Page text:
I like to think I have a green thumb, and I enjoy having several plants in my office. To me, the benefits of having greenery around your home or office can’t be overstated. In addition to the aesthetic bonus they bring, some indoor plants are also natural air purifiers.
Why should we care about air quality indoors, you may be wondering. While it’s true that air pollution outside, because of traffic and car-induced pollutants, is harmful, scientists are now turning their attention to the air we breathe inside. According to the Environmental Protection Agency, the air inside our homes may be two to five times more polluted than the air outside. Are you as stunned as I was when I read this statistic?
The reasons for indoor pollution are varied. And because we often can’t smell the pollution (in the same way we smell other types of pollution, like car exhaust), it often goes unnoticed. But according to the EPA, toxic gases released from common, everyday household items may pollute the air in our homes. Think of the cleaning agents we use, and the cement, paint, and particleboard found in our homes and offices. Today’s improved home insulation traps the gases released by these household items. In the office, there is also the issue of electromagnetic field radiation (EMFR) from computers.
Recent surveys indicate that we spend as much as 90% of our time indoors, meaning invisible indoor pollutants can really take a toll on our health. Side effects of dirty indoor air can include memory and cognitive issues, tiredness and fatigue, allergic reactions, respiratory problems and headaches. That’s enough to catch most people’s attention, and it caught the attention of the researchers at the EPA.
The EPA reports that we can relax and breathe deep – common household plants are actually fighting the good fight for us. Scientists have known for a long time that plants can draw pollution from air, leaving behind a purer, cleaner atmosphere. Plants are able to filter air in their leaves and via the microorganisms that inhabit their soil.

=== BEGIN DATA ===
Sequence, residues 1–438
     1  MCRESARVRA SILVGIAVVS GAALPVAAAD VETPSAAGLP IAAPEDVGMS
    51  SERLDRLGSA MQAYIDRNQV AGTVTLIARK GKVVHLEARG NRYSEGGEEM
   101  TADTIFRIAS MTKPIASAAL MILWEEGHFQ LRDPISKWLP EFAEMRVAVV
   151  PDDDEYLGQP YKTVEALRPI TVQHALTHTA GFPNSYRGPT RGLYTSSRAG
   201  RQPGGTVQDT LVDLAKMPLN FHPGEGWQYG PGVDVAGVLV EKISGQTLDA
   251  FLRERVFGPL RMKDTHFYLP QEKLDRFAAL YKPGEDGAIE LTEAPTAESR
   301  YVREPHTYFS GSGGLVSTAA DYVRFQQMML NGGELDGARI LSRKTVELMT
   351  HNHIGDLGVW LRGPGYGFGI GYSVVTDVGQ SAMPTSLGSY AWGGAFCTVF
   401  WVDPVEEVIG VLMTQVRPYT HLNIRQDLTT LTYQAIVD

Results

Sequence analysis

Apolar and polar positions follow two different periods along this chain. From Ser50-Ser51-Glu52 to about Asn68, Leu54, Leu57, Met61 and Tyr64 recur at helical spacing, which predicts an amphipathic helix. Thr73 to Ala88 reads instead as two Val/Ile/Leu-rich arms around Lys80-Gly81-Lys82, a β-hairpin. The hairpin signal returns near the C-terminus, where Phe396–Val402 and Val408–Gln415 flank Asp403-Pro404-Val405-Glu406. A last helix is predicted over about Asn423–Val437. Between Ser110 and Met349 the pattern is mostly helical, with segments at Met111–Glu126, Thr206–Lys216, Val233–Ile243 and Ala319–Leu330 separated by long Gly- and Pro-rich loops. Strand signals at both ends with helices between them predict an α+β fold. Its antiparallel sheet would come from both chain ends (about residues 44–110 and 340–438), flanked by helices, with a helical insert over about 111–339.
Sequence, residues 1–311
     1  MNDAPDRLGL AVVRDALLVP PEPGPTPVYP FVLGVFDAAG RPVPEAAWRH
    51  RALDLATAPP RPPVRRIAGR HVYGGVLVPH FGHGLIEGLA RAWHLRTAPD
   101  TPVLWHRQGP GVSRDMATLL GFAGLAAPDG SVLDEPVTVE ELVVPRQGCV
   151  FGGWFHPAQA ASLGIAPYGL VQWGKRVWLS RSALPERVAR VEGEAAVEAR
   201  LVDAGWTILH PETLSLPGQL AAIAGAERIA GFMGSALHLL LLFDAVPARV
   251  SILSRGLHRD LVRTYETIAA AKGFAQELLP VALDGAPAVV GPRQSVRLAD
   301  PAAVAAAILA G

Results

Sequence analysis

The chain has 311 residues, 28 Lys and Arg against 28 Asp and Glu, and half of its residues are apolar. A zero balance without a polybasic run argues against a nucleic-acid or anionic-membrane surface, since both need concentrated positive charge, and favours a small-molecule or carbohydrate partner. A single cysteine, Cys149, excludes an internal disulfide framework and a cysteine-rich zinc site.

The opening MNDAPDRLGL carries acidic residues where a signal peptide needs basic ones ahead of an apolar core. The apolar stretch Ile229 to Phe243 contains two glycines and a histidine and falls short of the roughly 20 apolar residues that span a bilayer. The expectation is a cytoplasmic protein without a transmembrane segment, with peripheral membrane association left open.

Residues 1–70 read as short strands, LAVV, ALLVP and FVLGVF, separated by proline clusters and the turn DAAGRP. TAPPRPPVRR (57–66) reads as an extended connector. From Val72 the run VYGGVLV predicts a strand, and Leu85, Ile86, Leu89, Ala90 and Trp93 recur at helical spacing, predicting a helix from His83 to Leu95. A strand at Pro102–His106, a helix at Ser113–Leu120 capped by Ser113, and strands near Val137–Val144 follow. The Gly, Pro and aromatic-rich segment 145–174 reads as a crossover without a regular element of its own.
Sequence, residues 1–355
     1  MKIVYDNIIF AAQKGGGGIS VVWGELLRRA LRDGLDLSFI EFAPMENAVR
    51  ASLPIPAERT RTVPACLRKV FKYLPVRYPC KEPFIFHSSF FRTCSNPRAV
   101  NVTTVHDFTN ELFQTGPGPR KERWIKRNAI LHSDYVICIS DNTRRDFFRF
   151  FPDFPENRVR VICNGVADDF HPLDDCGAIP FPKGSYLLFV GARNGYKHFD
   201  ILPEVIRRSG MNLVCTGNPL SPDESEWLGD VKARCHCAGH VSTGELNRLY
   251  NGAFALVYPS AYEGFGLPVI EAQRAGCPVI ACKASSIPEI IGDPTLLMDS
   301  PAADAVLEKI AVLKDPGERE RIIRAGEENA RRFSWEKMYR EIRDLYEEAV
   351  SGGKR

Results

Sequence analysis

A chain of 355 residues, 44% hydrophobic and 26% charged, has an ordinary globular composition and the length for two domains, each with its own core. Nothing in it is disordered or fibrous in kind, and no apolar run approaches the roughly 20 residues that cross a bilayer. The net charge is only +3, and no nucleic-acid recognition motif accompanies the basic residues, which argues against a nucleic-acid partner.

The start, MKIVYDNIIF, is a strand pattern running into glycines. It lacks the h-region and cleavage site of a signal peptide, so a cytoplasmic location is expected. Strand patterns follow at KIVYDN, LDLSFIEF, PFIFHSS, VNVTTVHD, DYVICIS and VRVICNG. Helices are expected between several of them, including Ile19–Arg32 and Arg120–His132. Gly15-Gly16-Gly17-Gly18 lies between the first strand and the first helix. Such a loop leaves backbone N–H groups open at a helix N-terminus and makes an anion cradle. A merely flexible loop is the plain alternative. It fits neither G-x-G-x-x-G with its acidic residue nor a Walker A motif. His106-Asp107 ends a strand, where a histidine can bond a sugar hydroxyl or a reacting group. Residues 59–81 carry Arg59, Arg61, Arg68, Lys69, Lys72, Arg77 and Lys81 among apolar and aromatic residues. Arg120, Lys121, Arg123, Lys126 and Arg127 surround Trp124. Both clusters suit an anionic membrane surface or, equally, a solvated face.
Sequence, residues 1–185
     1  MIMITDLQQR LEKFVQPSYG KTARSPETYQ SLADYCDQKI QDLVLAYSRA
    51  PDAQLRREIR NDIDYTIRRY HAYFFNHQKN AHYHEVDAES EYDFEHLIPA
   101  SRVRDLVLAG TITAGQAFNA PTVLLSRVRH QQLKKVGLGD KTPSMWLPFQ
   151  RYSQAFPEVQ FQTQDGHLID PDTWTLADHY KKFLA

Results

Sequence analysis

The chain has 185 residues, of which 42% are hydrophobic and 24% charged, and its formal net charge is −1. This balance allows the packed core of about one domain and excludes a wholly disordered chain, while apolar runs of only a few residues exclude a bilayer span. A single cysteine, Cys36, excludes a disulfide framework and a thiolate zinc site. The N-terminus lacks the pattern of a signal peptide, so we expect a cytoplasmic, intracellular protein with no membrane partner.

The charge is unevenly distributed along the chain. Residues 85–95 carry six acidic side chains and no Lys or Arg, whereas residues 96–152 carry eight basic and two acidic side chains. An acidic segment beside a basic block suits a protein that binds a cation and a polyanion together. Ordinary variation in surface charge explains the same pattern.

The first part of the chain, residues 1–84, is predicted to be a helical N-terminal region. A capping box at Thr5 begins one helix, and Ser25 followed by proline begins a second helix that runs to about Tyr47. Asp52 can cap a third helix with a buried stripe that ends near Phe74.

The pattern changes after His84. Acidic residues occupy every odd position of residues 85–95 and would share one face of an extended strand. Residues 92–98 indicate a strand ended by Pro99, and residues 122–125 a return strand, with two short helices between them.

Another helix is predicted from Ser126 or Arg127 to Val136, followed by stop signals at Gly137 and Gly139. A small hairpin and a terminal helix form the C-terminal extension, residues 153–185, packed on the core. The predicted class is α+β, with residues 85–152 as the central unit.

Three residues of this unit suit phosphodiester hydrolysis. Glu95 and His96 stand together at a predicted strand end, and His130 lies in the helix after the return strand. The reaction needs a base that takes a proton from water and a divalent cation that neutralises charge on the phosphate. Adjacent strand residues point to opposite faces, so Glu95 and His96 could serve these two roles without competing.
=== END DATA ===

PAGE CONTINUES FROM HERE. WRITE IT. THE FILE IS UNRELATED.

Researchers that have investigated the air filtering properties of plants have discovered that various types of plants are capable of eliminating different types of air pollutants. Some plants are even adept at filtering out the harmful EMFR from computers in offices.
Take a look at the list of plants below and see what pollutants they filter out. This may influence your decision of how to structure your mini indoor garden, or prompt you to spring for a new plant for your office.
Gerbera Daisy – While this beautiful flowering plant may be a little more high maintenance than others, it filters out airborne chemicals from inks and dry cleaning.
Spider Plant – Good news for those of us without green thumbs, this plant is resilient and low maintenance. This long-leafed beauty is also a workhorse, removing 80% of harmful gases from artificial rubbers, pesticides, paint, paint thinners and ink from the air.
Bromeliad – A broad-leafed plant with the ability to clear away toxic chemicals released from paraffin candles and car exhaust fumes, the Bromeliad can accomplish an 80 percent reduction in the fumes in just 12 hours.
Dracaena – This plant is especially adept at clearing away acetone (think nail polishes, nail polish removers and other household items).
Lucky Bamboo – With its reputation for being super hearty (and lucky), this plant clears away benzene and trichloroethylene and helps to restore moisture to the air, which is great for air-conditioned spaces.
Jade Plant – Also known as the friendship plant, jade is not only beautiful, but it can clear over 90 percent of toluene from the air.
Aloe Vera – While mostly known as an antidote to skin burns, aloe also clears away benzene and formaldehyde from indoor spaces.
Peace Lily – Relatively easy to grow indoors, peace lilies require very little attention and are effective at removing formaldehyde, trichloroethylene, benzenes and ammonia from the air.